Net zero means the amount of greenhouse gases that go in and out of the atmosphere is equal. Theoretically, it is the state at which global warming stops.
“Warming of 1.5°C would destroy at least 70% of coral reefs, but at 2°C more than 99% would be lost. That would destroy fish habitats and communities that rely on reefs for their food and livelihoods. Warming of 2°C, versus 1.5°C, would also increase the impact on food production. If you have crop failures in a couple of the breadbaskets of the world at the same time, then you could see extreme food price spikes and hunger and famine across wide swathes of the world,” said climate scientist Simon Lewis at University College London. “Droughts, reduced rainfall, and continued destruction of the Amazon through deforestation, for example, could see the rainforest system collapse, releasing CO2 into the atmosphere rather than storing it. Or warming Arctic permafrost could cause long-frozen biomass to decompose, releasing vast amount of carbon emissions. That’s why it’s so risky to keep emitting from fossil fuels … because we’re increasing the likelihood that we go over one of those tipping points.”
The UN further calls, recognizing that transitioning to a net-zero world is easier said than done, “for nothing less than a complete transformation of how we produce, consume, and move about. The energy sector is the source of around three-quarters of greenhouse gas emissions today and holds the key to averting the worst effects of climate change. Replacing polluting coal, gas and oil-fired power with energy from renewable sources, such as wind or solar, would dramatically reduce carbon emissions.”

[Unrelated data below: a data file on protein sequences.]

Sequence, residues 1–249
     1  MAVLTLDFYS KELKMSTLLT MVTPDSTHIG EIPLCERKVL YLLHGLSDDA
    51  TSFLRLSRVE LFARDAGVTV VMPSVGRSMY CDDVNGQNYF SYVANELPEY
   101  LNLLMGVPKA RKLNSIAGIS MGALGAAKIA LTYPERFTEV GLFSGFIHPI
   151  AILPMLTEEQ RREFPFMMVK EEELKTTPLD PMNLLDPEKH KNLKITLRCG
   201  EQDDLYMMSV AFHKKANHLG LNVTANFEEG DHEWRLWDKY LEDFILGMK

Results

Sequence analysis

In the Philippines, data show that most energy sources come from non-renewables, such as petroleum and other liquids (45%), and coal (36%); renewable sources account for only 18 percent—namely, natural gas (7%), non-hydropower renewables (7%), and hydroelectricity (4%).
It is clear that transitioning from non-renewables to renewable sources of energy, and to effectively contribute to efforts aimed at addressing the increasingly complex climate change issues, will require a mix of operational, technological, financial and political solutions. A joint and coordinated approach would be necessary to achieve the desired ends. For example, estimates show that to be able to produce 1 megawatt of solar power, an investment of US$1.5 to US$2.5M would be needed. Department of Energy data showed that in 2021 national consumption reached as much as 16,333 megawatts. That shows, more or less, how much would be needed to transitions from non-renewables to renewables, in this case going solar.